Don’t Try to Be the Next Chewbacca Lady

“Make this go viral.”

It’s the elusive goal of every social media manager, the breathless request of the brand boss, the aim of every digital agency.

And it’s not a strategy, insists Jose Duarte writing in AdAge.

“In social’s fledgling days, many brands made the mistake of thinking of social media merely as a channel for PR announcements and light customer care. These brands were left behind by forward-thinking brands that fully embraced the new interactive world of social and capitalized on the free impressions that networks, such as Facebook and Twitter, offered,” Duarte writes.

“In 2019 the social media world is much more fragmented, saturated and noisy. No longer can brands spray and pray Facebook posts and hope that one goes viral eventually,” Duarte continues. “It’s OK if that happens but centering your efforts on something as random as virality is a recipe for trouble.”

Some of the viral hits are just dumb luck. A woman dons a laughing Chewbacca mask and 11 million views later, she’s a viral star. Hasbro, the brand that markets the mask, puts the lady in a Halloween commercial and it falls flat. This kind of “let’s go viral” lottery approach just doesn’t work. Instead, Duarte says brands need to ask themselves some key questions:

  • Does our brand voice and persona on social fit our wider brand?
  • Are we using social mostly as a PR channel?
  • Are we relying solely on organic?
  • Do we have clear goals and metrics of success on our social platforms?
  • Do we have a paid media strategy for social?

“Brands that play the viral lottery tend to limit their use of social media to awareness and customer care activities,” Duarte explains. Brands that use social media more strategically, he believes, are more likely to hit on the kind of spontaneous, authentic interaction that makes brands momentarily famous – like the epic Oreo tweet during the Super Bowl blackout.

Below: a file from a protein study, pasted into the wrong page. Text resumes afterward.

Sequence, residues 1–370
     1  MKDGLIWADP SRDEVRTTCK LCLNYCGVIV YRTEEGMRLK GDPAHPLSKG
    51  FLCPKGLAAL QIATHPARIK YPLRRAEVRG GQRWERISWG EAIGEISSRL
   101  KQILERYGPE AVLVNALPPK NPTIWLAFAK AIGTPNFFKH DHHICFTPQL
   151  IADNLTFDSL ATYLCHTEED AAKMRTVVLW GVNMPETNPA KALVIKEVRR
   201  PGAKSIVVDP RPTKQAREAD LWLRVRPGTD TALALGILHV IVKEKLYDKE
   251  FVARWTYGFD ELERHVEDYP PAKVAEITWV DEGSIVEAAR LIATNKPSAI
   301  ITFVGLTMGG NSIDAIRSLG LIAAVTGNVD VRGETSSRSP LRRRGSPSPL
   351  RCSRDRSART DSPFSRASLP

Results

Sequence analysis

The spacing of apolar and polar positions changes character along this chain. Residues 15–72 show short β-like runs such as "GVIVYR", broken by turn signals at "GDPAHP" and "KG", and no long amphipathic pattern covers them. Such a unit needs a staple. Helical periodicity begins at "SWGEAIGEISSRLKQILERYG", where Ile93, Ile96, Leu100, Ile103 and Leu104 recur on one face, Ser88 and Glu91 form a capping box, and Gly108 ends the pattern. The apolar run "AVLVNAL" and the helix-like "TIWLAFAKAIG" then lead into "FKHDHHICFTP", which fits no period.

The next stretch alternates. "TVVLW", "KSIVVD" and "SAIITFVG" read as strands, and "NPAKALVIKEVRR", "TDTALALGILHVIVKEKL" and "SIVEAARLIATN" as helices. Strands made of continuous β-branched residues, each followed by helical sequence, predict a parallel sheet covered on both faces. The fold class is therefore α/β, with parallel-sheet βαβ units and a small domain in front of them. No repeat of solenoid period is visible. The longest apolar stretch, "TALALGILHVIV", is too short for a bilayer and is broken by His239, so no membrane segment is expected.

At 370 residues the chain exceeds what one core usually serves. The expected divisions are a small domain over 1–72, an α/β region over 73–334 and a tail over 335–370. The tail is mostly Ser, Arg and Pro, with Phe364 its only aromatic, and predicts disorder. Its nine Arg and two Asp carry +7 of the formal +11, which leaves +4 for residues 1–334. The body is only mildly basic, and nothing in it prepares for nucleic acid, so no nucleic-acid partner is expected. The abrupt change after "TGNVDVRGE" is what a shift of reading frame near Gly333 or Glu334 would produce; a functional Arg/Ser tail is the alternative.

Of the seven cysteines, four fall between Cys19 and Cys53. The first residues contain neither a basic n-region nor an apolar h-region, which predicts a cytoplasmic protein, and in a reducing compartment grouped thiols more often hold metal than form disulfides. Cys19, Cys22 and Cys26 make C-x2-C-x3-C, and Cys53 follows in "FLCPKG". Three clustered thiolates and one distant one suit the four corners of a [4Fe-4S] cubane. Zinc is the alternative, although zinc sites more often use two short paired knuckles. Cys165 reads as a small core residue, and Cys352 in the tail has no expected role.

“Having one of my posts unexpectedly go viral was exciting to watch when I ran big social media accounts,” Duarte continues. “However, those moments seldom translated into revenue, and the business value was ephemeral and hard to measure. Brands that treat social as a full channel can avoid those pitfalls, and see their efforts translate directly into sales, engagement, and every once in a while, virality.”

So the next time you’re tempted to ask your social media manager for a viral hit, ask yourself what you’re really looking for. Awareness? Engagement? Loyalty and advocacy from a growing audience? Or flash-in-the-pan metrics that may be awesome in the moment but do little to move the metrics that matter?